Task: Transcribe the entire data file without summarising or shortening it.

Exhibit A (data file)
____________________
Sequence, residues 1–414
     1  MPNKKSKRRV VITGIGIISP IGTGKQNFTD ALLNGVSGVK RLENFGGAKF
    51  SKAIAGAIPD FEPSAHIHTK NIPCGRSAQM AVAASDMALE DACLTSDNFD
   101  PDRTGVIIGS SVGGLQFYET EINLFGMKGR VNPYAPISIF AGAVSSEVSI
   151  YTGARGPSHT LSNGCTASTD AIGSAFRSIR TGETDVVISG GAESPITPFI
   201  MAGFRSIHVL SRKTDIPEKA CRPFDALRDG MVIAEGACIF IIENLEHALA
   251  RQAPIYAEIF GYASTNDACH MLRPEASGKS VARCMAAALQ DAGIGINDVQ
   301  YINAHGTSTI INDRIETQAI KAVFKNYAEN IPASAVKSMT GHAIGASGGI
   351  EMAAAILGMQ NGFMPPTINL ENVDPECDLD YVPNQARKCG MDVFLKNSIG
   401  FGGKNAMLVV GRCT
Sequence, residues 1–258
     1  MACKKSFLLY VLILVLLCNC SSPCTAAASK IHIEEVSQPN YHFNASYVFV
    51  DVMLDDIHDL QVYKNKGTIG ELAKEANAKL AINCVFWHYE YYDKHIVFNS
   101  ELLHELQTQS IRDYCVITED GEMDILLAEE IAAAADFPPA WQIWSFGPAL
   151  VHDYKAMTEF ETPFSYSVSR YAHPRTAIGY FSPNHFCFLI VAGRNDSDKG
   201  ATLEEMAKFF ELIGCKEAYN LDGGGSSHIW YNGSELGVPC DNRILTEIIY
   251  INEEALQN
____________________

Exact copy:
Sequence, residues 1–414
     1  MPNKKSKRRV VITGIGIISP IGTGKQNFTD ALLNGVSGVK RLENFGGAKF
    51  SKAIAGAIPD FEPSAHIHTK NIPCGRSAQM AVAASDMALE DACLTSDNFD
   101  PDRTGVIIGS SVGGLQFYET EINLFGMKGR VNPYAPISIF AGAVSSEVSI
   151  YTGARGPSHT LSNGCTASTD AIGSAFRSIR TGETDVVISG GAESPITPFI
   201  MAGFRSIHVL SRKTDIPEKA CRPFDALRDG MVIAEGACIF IIENLEHALA
   251  RQAPIYAEIF GYASTNDACH MLRPEASGKS VARCMAAALQ DAGIGINDVQ
   301  YINAHGTSTI INDRIETQAI KAVFKNYAEN IPASAVKSMT GHAIGASGGI
   351  EMAAAILGMQ NGFMPPTINL ENVDPECDLD YVPNQARKCG MDVFLKNSIG
   401  FGGKNAMLVV GRCT
Sequence, residues 1–258
     1  MACKKSFLLY VLILVLLCNC SSPCTAAASK IHIEEVSQPN YHFNASYVFV
    51  DVMLDDIHDL QVYKNKGTIG ELAKEANAKL AINCVFWHYE YYDKHIVFNS
   101  ELLHELQTQS IRDYCVITED GEMDILLAEE IAAAADFPPA WQIWSFGPAL
   151  VHDYKAMTEF ETPFSYSVSR YAHPRTAIGY FSPNHFCFLI VAGRNDSDKG
   201  ATLEEMAKFF ELIGCKEAYN LDGGGSSHIW YNGSELGVPC DNRILTEIIY
   251  INEEALQN